This article covers one of my favorite techniques for improving performance: memoization. It's a source of easy little performance wins that eventually add up and only occasionally reduce your application to a heap of smoldering rubble. Only very occasionally.
If you want Ruby's string methods to play nicely with Unicode, it's a good idea to normalize them. This article is a brief introduction to Unicode normalization for Rubyists.
The latest version of the honeybadger Ruby gem includes a lot of improvements and new features. Check it out!
One often-overlooked feature of Ruby's hashes is that you can use any object as a hash key, not just strings and symbols. In this post we examine how Optcarrot, the Ruby NES emulator, uses this feature to optimize its mapped memory implementation.
To see how far Ruby's Unicode support has come, I tested every string method to see which ones violate the principle of least surprise. The results are presented as a handy table that you can reference to see which string manipulation methods are Unicode-unfriendly.
Here's an easy way to run multiple Sidekiq processes via systemd.
In this post we'll discuss a few easy wins - things you can do when a Rails project is young to make it much easier to scale its data layer as the project grows.
You probably know how to ask Ruby to rescue specific exceptions. But how does Ruby know if a particular exception meets your criteria? In this article, we'll walk through Ruby's simple exception matching mechanism and see how we can use it to our advantage.
Many of the most common ActiveRecord idioms produce SQL which doesn't scale well as your dataset gets larger. In this article I discuss three of the worst offenders and offer work-arounds.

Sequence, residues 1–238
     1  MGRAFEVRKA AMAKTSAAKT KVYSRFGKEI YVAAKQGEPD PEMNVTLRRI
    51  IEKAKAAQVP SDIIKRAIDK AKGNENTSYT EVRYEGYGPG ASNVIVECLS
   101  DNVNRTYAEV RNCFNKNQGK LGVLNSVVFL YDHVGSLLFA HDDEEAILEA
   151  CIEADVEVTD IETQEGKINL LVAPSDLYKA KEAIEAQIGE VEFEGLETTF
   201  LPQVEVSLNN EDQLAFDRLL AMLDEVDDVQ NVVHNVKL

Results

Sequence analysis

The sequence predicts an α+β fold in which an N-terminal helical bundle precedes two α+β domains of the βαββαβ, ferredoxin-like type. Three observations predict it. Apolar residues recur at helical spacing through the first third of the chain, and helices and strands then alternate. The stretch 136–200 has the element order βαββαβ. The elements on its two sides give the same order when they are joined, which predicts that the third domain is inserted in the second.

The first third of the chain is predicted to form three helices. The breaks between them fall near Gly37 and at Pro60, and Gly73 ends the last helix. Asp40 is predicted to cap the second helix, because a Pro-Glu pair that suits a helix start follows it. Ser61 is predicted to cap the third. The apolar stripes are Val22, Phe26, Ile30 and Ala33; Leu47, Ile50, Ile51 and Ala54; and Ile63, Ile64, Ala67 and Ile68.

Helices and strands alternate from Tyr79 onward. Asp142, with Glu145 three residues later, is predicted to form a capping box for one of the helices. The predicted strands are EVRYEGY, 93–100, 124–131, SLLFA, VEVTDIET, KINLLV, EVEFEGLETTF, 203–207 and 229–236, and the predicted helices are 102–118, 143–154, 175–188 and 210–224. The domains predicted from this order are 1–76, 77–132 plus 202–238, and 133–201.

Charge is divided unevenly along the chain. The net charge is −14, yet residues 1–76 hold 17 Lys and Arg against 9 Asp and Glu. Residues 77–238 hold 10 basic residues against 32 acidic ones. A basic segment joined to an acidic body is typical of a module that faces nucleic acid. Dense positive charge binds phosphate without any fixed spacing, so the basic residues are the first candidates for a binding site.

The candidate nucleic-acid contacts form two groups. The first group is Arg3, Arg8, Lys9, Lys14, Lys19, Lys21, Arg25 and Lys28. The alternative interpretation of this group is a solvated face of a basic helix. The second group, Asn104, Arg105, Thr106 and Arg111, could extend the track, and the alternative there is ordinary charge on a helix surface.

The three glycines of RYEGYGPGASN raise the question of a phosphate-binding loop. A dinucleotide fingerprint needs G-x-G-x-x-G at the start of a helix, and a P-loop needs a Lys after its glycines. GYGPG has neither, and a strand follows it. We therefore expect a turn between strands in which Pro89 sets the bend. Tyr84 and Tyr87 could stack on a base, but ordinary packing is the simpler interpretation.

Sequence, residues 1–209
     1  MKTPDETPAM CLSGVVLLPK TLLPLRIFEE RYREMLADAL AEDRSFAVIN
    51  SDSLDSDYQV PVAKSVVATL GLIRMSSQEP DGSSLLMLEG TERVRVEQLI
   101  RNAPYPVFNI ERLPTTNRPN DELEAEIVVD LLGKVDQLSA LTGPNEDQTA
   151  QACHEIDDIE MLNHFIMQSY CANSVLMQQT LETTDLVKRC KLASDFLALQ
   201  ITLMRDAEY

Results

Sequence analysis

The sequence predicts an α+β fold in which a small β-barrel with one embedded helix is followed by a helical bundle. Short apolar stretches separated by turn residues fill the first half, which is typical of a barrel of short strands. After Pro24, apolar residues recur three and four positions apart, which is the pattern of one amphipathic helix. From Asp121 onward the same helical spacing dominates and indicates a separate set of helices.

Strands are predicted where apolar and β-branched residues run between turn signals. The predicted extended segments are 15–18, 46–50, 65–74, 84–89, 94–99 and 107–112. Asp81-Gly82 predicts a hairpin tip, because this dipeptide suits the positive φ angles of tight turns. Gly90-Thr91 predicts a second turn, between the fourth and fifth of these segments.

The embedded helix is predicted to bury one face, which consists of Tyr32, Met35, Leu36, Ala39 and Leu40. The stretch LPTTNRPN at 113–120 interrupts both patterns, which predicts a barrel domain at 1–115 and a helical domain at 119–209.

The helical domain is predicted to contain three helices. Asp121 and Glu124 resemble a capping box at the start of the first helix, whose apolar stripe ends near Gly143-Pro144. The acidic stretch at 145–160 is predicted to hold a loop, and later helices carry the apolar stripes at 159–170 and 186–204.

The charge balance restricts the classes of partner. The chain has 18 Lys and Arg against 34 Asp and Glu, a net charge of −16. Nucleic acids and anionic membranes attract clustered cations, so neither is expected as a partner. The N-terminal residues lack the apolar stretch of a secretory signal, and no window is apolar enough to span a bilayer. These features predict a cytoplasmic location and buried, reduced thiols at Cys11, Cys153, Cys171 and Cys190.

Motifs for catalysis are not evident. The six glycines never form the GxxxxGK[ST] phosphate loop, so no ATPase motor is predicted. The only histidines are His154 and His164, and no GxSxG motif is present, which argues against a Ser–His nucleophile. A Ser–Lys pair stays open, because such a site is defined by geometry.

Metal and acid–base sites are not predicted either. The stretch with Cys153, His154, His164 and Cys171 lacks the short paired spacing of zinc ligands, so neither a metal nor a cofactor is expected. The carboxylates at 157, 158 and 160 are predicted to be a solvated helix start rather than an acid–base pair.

The other day I was searching for an introduction to Ruby exceptions written for beginners - people who know basic Ruby syntax but aren't really sure what an exception is or why it's useful. I couldn't find one, so I decided to have a go at it myself. I hope you find it useful.
Our recent sponsorship of Rocky Mountain Ruby 2016 showcases the growing diversity of the community - and the emphasis on non-technical content. Here's why it matters for developers looking into leadership positions.
Big-O notation gives you crucial insight into why your apps aren't as fast as you'd like them to be. In this post we'll uncover the meaning of things like `O(N^2)` and show how to use these concepts to speed up your apps and your database queries.
Are you deploying your apps to EC2 and wondering how to store your application secrets? Learn how to use KMS and IAM roles to store your secrets on S3 securely.
Starr deploys a simple Sinatra application to Amazon's EC2 Container Service (ECS) and load-balances it across two availability zones.
I recently found myself using `URI.join` to construct certain some redirect URLs. But I quickly ran into a problem. `URI.join` wasn't behaving like I expected. In this post we trace the unexpected behavior through the source of `URI.join` and back to the original RFC.
AptWatcher is a tiny Sinatra app that notifies your Slack channel about pending apt package updates.
What exactly are websockets? How do they work? In this post we're going to answer these questions by building a simple WebSocket server from scratch in Ruby.
In order to write a first-class command-line app, you have to understand a lot of details like arguments, environment variables, STDIN/STDOUT, and more. This post is my humble attempt to cover most of these details and bring together everything you need to know in one place.
Whether you use rails, Sinatra, or Lotus, you don't really have to think about how cookies and other headers pass from nginx or apache, to the application server and into your app. We're going to examine this journey in a little more depth. Because it turns out that the story of headers contains a lot of interesting information about the history of the web.